Africa is rich in both natural and human resources, yet nearly 200 million of its people are undernourished because of inadequate food supplies. Comprehensive strategies are needed across the continent to harness the power of science and technology (S&T) in ways that boost agricultural productivity, profitability, and sustainability -- ultimately ensuring that all Africans have access to enough safe and nutritious food to meet their dietary needs. This report addresses the question of how science and technology can be mobilized to make that promise a reality.
The facts listed above reflect a more general pattern of low investment in research and development in Africa. Insufficient resources are only part of the problem. Because education in poor countries is less affordable, much clearer educational priorities must be defined, in terms of fields, levels (primary versus secondary versus higher education), quantity and quality. The hard choices surrounding the debate over quantity and quality are especially difficult for contemporary universities in Sub-Saharan Africa, because new universities are being created yet the quality of higher education has fallen.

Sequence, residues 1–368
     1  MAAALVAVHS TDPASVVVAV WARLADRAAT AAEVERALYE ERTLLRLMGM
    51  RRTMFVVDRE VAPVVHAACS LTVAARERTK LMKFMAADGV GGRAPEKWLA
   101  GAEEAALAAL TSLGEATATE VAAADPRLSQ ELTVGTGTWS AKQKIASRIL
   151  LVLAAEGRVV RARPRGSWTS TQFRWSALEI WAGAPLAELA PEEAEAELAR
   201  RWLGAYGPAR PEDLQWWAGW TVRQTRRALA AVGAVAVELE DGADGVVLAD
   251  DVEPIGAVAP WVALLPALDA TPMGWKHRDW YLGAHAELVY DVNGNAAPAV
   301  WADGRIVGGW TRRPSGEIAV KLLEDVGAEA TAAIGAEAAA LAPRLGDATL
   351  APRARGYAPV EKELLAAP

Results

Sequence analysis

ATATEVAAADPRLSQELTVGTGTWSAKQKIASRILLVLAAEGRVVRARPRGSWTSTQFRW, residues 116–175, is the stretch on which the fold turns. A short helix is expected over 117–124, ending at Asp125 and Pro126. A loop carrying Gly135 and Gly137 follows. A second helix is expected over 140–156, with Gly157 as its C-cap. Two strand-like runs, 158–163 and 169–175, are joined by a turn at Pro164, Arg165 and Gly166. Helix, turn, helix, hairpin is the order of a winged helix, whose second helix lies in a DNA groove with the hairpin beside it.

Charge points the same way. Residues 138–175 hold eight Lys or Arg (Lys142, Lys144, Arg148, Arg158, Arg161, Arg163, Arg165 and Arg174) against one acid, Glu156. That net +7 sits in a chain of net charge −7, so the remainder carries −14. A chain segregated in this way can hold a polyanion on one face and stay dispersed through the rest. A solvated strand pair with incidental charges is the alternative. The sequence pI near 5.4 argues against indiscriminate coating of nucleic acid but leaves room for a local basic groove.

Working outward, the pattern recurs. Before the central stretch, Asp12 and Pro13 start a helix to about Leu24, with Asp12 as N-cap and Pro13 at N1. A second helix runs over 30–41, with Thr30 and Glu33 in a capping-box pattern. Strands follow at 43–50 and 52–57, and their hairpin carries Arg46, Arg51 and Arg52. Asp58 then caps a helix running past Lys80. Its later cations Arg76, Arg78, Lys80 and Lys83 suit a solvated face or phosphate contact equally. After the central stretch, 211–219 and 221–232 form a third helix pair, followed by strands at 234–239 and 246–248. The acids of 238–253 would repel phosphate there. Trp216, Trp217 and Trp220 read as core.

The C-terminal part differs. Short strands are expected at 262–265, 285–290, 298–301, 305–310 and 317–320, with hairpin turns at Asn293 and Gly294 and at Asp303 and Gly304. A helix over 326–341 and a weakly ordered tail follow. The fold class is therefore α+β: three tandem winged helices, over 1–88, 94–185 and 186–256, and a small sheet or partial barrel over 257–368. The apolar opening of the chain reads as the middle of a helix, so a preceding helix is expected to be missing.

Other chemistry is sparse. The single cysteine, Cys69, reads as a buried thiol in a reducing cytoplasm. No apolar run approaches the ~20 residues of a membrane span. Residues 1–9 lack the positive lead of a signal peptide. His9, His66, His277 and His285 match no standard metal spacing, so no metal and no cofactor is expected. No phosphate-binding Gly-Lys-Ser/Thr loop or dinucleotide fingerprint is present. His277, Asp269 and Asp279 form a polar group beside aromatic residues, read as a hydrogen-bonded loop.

Without question, the crisis in the African university and research community is severe and is not amenable to a quick fix. African scholars and researchers are currently ill prepared to train the third generation of agricultural scientists starting around 2010. Unless the current crisis in the African scientific community is solved, Africa's next generation of students will be caught in a downward spiral, and the 'scientific divide' between the bio-tech North and the lagging South will widen further.